Autoimmune cytopenias are a heterogeneous group of non-malignant disorders characterized by immune-mediated destruction of peripheral blood cells. They can affect one or multiple cell lineages (autoimmune hemolytic anemia, AIHA; immune thrombocytopenia, ITP; autoimmune neutropenia, AIN; or Evans snydrome, ES, respectively). Despite their similar pathogenesis, these entities differ in terms of epidemiology and clinical presentation. Newly diagnosed ITP and AIN appear to have a benign course, whereas chronic ITP (cITP), AIHA, and ES impose substantial health risks and may represent a substantial therapeutic challenge.


Due to the insufficient diagnostic value of antibody detection in suspected immune-mediated cytopenias, the diagnosis can often be established only after exclusion of a large variety of relevant conditions. The broad spectrum of the latter and the potential risk of misdiagnosis provide grounds for inadequate management and treatment failure.


A French cohort study of 2016 reported an extremely increased risk (120-fold) to develop an autoimmune cytopenia of patients suffering from a PID compared to the unaffected population (Fischer et al., 2017). The evidence for a strong association between these conditions is supported by another French study detecting PIDs in 13% of cases with isolated AIHA (Aladjidi et al. 2011). Along with the generally underestimated prevalence of PIDs, this data suggests the diagnostic workup of clinically relevant immune cytopenias needs to be extended towards detection of underlying PIDs in order to enable disease-specific treatment (Mahlaoui et al., 2017).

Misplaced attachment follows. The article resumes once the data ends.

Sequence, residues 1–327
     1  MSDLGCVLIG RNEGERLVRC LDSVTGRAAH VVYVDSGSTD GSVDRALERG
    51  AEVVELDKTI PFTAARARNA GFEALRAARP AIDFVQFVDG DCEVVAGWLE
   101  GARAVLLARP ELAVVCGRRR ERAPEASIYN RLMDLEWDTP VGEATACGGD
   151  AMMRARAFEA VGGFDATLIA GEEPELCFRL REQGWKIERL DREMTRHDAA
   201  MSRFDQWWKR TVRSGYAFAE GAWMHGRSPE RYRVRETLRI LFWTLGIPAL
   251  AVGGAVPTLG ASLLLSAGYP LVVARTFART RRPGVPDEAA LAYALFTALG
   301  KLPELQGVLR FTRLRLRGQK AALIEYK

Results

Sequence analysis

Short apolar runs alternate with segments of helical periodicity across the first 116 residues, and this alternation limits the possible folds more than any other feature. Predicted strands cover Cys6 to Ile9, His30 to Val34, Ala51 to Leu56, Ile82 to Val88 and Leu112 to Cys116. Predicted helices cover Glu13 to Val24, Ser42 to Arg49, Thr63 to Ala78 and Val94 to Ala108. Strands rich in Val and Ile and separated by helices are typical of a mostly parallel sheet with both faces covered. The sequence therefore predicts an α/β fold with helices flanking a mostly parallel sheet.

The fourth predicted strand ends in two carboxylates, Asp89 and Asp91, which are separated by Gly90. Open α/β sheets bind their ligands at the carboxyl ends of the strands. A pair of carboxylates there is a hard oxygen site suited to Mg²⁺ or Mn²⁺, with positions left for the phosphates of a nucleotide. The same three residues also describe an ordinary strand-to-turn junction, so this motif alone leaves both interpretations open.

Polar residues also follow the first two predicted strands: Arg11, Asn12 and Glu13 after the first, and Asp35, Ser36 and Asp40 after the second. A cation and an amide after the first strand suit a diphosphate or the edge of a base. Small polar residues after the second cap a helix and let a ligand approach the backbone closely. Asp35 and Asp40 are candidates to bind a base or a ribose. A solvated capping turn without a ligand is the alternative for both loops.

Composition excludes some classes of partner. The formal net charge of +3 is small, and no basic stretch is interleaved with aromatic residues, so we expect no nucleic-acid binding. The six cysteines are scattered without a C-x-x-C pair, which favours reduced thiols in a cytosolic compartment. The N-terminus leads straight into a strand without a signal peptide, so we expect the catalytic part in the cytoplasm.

Inborn errors that predispose to single- or multilineage cytopenia due to bone marrow failure, and additional factors such as persisting/chronic infections should also be taken into consideration in the differential diagnosis of childhood cytopenias.


The present study aims to standardize the diagnostic approach based on existing international guidelines, facilitate patient stratification with regard to their underlying disease or distinct phenotype into different therapeutic groups according to established recommendations, and to prospectively observe their clinical course.